When the conference at Yalta opened on February 4, 1945, final victory was beginning to dawn on the global horizon of World War II. Soviet armies were surging toward all the enemy capital cities they had failed to capture in the previous year. The great offensive of the Western Allies moved forward relentlessly although momentarily bogged down in parrying the Nazi counterattack in the Ardennes. The Allied timetable was upset, but the very fierceness of the counterattack which delayed it spent the last forces of the Germans.
Neither was there hope left for the Axis powers in the Pacific, though military experts estimated that a struggle of two or more years might be required to defeat Japan. The last secret report to President Roosevelt intimated that the first atomic bomb would not be ready until the following August, so it was to assure Stalin's entering the war in the Pacific and to fix the time of Russian intervention, its extent and price, that he undertook the long, dangerous voyage to the Crimea. In Manchuria, intact and practically self-sufficient, Nipponese armies threatened to carry on the war even after the Japanese islands had been captured. Only the Soviet army could destroy them without an immensely complicated and dangerous assault from the sea.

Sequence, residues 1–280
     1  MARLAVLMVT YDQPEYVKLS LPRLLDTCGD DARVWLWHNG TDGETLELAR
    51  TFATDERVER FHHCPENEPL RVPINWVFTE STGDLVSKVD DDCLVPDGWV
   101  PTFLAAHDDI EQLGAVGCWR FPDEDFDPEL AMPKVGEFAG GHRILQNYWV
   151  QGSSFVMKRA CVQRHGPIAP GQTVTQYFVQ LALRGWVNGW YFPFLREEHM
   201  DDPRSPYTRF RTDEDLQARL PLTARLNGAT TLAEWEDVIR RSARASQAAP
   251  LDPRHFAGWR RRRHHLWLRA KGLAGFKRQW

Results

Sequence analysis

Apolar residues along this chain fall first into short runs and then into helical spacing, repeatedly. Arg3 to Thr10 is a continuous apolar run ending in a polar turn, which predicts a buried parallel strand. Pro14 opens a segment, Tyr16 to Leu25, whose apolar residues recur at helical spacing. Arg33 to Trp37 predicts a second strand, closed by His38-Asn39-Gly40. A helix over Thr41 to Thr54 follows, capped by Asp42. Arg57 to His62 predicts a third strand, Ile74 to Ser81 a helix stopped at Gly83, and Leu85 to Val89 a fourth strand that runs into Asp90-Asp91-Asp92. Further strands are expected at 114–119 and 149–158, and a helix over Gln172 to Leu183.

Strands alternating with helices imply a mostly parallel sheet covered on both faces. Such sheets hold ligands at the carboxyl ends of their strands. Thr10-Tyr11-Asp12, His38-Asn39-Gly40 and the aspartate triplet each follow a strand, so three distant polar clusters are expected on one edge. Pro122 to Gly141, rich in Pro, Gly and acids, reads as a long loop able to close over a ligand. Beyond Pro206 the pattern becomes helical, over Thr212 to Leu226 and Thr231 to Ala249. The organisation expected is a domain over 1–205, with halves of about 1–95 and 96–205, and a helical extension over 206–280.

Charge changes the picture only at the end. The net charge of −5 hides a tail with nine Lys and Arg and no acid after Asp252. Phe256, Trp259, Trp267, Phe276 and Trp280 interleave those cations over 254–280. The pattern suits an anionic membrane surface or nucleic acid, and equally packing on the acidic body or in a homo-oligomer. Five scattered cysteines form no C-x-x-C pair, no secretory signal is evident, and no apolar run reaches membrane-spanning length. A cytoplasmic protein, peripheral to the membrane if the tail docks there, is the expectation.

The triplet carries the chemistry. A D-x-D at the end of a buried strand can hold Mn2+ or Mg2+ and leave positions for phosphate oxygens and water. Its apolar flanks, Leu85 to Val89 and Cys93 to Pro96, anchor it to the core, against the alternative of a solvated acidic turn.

As concern for the war against Japan moved into the foreground, the center of gravity in the Grand Alliance shifted from Britain toward the Soviet Union. In Malta, where Roosevelt had landed from a warship, Churchill was disturbed when he observed how ostentatiously the Americans